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Sandy Journal

Jordan baseball gears up for season with five signed to play in college

Mar 09, 2023 10:02AM ● By Travis Barton

From left to right: Cole Kershaw, Cade Nalder, Stockton Mathis and Hunter Gatti all signed to continue playing baseball in college back in December. The four, along with another signee in Carter Perry, will take the field for Jordan again in March. (Photo courtesy Chad Fife)

The assembly line continues. 

Jordan High baseball is known for continually churning out talented athletes to colleges around the country. Whether it was Colton Shaver in 2014 (the former Mr. Baseball now plays professionally in the Toronto Blue Jays organization) or the multiple who signed in 2018, this year appears to be no different. 

Four players signed in December to continue their careers while another announced his commitment in January. 

Head coach Chad Fife, now entering his 10th season leading the program, said they normally have anywhere from two to six players sign each year. 

This year’s crop includes Cole Kershaw, a University of Utah commit and second-team all-state first baseman a year ago. “Cole is a big country boy, really hard worker, good work ethic,” Fife said. 

Cade Nalder, a catcher/outfielder, was a first-team all-stater last year hitting .522 with 45 RBIs, is going to Utah Tech University. “Work ethic is off the charts, works his guts out in the weight room, he gets it,” Fife said. 

Hunter Gatti was also a first-team all-stater as a left fielder in 2022 who batted .516. He’ll be attending Utah State Eastern. “He’s a hitting machine, 4.0 student,” Fife said. 

Stockton Mathis will join Gatti at Utah State Eastern, the center fielder and leadoff hitter was an honorable mention all-state player a year ago. “He can cover a lot of ground in the outfield,” Fife said. 

Carter Perry completes the trio heading to Utah State Eastern. Fife described the utility player as a “natural talent.” 

The five are only half of Jordan’s senior-heavy team with 10 this season, and Fife expects a few more to sign as well. 

The Beetdiggers enter the season off a solid decade of success that includes two state titles and multiple deep runs in the playoffs whether in 5A or 6A. Jordan was co-region champs a year ago with the No. 3 seed. 

“We should swing it really well,” Fife said of the upcoming season. “Hopefully we can pitch it, if we can pitch it we’ll be pretty good I think.” 

He noted five or six guys will be vying for starting spots, giving him plenty of options to work with. But he’s most excited about the senior class.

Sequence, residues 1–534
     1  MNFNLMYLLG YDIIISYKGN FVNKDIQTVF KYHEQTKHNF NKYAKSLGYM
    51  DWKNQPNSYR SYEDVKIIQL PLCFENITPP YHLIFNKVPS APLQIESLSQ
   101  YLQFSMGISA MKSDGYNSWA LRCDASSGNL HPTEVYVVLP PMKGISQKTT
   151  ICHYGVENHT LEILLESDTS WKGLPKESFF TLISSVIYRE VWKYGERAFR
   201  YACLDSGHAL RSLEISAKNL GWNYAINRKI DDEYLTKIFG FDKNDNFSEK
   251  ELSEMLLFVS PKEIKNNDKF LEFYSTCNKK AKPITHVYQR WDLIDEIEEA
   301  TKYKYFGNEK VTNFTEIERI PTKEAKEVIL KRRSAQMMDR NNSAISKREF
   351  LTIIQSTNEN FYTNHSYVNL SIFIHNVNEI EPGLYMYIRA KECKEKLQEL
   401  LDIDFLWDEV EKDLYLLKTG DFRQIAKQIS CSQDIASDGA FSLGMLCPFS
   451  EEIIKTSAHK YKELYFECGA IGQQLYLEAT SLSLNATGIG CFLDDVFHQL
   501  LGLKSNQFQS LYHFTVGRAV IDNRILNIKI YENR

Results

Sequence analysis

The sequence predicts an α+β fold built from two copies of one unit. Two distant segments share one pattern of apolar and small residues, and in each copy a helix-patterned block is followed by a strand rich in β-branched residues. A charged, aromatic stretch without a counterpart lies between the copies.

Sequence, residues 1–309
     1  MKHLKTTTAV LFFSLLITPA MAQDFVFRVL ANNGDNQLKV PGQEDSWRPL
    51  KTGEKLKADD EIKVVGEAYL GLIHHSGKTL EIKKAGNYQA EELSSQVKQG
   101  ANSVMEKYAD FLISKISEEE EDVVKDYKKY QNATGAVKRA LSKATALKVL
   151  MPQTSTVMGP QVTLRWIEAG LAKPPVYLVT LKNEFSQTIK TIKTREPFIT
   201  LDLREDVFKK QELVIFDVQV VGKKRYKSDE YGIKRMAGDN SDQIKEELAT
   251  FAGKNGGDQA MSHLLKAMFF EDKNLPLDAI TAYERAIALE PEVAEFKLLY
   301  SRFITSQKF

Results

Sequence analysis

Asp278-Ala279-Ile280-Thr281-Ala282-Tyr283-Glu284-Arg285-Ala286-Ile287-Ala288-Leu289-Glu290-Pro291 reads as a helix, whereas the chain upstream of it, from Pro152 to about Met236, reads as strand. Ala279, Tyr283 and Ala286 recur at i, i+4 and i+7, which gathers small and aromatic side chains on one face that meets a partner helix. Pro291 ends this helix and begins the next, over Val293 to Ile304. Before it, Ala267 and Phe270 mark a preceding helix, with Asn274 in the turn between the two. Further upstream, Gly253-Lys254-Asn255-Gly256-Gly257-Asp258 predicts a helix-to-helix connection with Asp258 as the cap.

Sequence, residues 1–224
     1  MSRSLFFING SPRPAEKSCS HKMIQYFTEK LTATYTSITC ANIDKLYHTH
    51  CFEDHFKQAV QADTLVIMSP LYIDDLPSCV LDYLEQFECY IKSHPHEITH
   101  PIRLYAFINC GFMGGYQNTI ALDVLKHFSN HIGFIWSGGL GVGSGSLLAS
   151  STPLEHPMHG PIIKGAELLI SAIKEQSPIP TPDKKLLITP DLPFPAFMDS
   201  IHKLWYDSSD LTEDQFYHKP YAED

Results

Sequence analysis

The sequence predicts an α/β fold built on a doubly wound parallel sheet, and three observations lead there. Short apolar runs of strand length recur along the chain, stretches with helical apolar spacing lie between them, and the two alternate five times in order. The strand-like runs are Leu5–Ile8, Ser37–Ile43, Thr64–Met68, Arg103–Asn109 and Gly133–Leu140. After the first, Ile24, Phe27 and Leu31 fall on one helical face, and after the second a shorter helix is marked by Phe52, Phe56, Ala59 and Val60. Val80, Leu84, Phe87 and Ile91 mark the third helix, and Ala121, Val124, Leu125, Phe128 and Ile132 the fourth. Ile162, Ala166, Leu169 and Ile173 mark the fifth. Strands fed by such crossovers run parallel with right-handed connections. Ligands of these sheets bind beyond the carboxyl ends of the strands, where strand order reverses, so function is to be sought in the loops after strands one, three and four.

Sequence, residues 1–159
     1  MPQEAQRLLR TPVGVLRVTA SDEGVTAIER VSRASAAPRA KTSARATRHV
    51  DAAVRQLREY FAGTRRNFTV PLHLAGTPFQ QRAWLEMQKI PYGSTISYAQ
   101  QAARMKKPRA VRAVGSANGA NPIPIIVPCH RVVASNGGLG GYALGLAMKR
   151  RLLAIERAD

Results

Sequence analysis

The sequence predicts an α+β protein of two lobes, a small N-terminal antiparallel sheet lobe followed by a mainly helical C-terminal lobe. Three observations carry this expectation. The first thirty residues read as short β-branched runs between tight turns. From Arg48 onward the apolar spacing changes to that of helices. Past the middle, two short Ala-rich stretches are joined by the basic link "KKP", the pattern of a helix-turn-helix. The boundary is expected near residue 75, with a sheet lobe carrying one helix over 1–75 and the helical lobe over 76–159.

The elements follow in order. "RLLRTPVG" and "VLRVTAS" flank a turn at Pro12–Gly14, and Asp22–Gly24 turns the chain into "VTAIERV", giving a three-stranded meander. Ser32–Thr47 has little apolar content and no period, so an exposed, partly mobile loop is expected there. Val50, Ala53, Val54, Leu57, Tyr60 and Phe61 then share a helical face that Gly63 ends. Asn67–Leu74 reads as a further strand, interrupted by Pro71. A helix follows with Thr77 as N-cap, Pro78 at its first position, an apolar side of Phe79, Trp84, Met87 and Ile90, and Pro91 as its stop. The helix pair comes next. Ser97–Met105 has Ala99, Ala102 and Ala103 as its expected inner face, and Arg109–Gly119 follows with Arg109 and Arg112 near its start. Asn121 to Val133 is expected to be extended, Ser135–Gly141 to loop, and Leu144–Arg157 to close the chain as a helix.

“They’ve been really good since they were little,” Fife said. 

Jordan finished the last two regular seasons as the No. 3 seed in 5A (2022) and 6A (2021) where they fell in the semifinals. 2019 saw the team reach the semifinals as well, with 2018 ending as state champions. 

Fife attributes the high standards to their discipline. Academics come first, he said. “We stick to our rules, stick to our guns on grades and attendance.” 

Jordan baseball was even recognized by the American Baseball Coaches Association last year as one of four Utah schools that posted a GPA of 3.0 or above on a 4.0 scale for the entire 2021-22 academic year. “Which was pretty cool,” Fife said. 

Athletic Director Joel Sundquist said the baseball players are some of their highest achieving student athletes. That success, he said, transfers over to other parts of life. 

“Having those high-water marks of success on the field, success in the classroom and success at home is exactly what Chad’s done a really good job of doing.”

On the field, Fife says he plays the best guys regardless of class which contributes to the program’s success. 

The team is also active in the community doing service projects like Thanksgiving Heroes, feeding the homeless or buying valentines for others at school. 

“If someone’s in need, we’ll jump in and help,” he said. 

Sundquist points to the consistency and culture that Fife’s built which makes the program perennial contenders. He highlighted the National Classic, an invite-only tournament that Jordan regularly plays in giving kids more college exposure. 

“(Chad’s) done an incredible job building an appealing program,” Sundquist said. “One that gives kids opportunities in high school and at the next level. Success breeds success, it builds upon itself. Winning is hard, but winning breeds winners and winners gravitate kids who want to have a highly competitive program.”

Despite Jordan moving to 4A next year as part of the latest realignment and as a sign of the program’s status, baseball was allowed to stay in 5A with Fife and Sundquist petitioning to stay up, even willing to move to 6A if needed. 

Perhaps adding to the program’s impressive nature is its lack of a feeder program in the boundary. 

“We’ve been fortunate enough to win and people come,” Fife said. 

He highlighted how their tryouts numbers tend to be in the mid to high 30’s, meaning he keeps almost everyone. 

It’s a successful program that will continue this spring with games starting in early March. Sundquist, who used to coach against Fife as the Copper Hills baseball coach, said he’s seen from it from both the outside and now inside. 

“He's done a good job of continuing that culture and having really high expectations and kids tend to raise to those expectations.”